With the project moving forward so quickly, it’s easy to forget that plans for a new stadium downtown had actually been talked about since the mid-1990s, but, until now, nothing had left the drawing board. For Rothblatt, it was a client vision that combined sports, leisure and regeneration that helped get things off the ground. “The ESC had to be uniquely Sacramento,” explains Rothblatt. “But it also had to undo the failed urban renewal of the 1980s, which turned downtown into a set of barren malls.” Those hangar doors are the key. By opening the ESC to the city surrounding it, the aim is that this previously uninspiring part of town will be revitalised. “The plan is to have activity all year round,” explains Rothblatt. The joint team even found a state-of-the-art product with a distinct, undetectable-to-humans aroma that, when piped out above the doors, deters birds from flying into the arena.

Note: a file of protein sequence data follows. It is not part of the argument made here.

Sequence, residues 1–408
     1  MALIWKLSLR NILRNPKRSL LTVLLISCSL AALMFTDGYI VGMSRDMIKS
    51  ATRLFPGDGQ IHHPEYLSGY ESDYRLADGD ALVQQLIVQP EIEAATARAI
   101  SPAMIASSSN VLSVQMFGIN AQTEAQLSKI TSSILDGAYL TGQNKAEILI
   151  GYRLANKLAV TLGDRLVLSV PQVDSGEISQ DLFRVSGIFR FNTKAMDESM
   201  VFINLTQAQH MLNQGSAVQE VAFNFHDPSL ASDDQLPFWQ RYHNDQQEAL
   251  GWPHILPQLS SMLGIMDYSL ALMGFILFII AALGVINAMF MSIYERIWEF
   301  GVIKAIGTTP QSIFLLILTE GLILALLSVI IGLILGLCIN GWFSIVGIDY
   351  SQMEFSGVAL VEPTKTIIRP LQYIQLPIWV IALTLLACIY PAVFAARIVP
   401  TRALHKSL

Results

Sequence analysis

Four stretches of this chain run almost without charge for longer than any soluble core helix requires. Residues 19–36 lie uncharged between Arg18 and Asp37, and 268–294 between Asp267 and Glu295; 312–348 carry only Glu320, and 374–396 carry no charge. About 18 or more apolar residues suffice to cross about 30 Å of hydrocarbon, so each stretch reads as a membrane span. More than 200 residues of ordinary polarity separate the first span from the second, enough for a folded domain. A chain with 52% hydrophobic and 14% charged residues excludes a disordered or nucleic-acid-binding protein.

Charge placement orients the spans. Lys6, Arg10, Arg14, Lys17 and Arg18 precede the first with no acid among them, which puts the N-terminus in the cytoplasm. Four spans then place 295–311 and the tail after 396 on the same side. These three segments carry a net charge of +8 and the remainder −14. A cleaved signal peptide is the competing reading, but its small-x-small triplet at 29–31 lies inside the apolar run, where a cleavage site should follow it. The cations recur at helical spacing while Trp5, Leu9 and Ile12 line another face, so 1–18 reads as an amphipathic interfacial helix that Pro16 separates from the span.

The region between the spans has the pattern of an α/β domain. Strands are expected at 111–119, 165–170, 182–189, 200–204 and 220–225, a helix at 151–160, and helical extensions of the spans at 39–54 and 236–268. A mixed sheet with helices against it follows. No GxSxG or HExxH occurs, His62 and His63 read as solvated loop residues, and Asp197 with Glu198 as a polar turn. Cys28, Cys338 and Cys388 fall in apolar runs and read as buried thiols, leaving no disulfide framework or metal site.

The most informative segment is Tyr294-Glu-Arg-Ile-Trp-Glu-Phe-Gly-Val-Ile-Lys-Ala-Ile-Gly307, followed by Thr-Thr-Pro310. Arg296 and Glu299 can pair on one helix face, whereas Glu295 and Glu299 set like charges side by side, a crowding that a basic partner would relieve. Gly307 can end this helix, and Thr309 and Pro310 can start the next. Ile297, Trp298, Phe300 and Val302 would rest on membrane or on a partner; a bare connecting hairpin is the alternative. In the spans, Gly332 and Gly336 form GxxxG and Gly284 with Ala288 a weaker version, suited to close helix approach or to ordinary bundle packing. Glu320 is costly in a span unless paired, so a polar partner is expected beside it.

A range of new restaurants is planned for the concourse and plaza areas, many of them ‘farm to fork’ establishments using herbs grown in the ESC’s extensive live wall that encircles the base of the arena at the plaza. There are reminders of the rich California Delta agriculture everywhere, including pistachio trees in the plaza bosque and walnut trees on the terrace at the main entry to the site. Sustainability is the final piece of the ESC jigsaw. A vast array of photovoltaics — generating enough energy to power the arena on a cloudy day — is planned, as are features to help manage storm water. And as well as achieving LEED Gold, the ESC aims to be the first major arena to meet California’s strenuous new ‘Title 24’ energy requirements. “That’s no mean feat,” says Rothblatt.
The plan for Sacramento Entertainment and Sports Center is ambitious, but it also makes perfect sense. After all, why shouldn’t a sports arena’s surroundings be as vibrant and exciting as the events taking place inside? Why shouldn’t it be a place that functions all year round, instead of being closed off outside of game days? At its heart, this is what the ESC offers — a new future for downtown Sacramento, wrapped up in an incredible fan experience, to keep those fans coming back.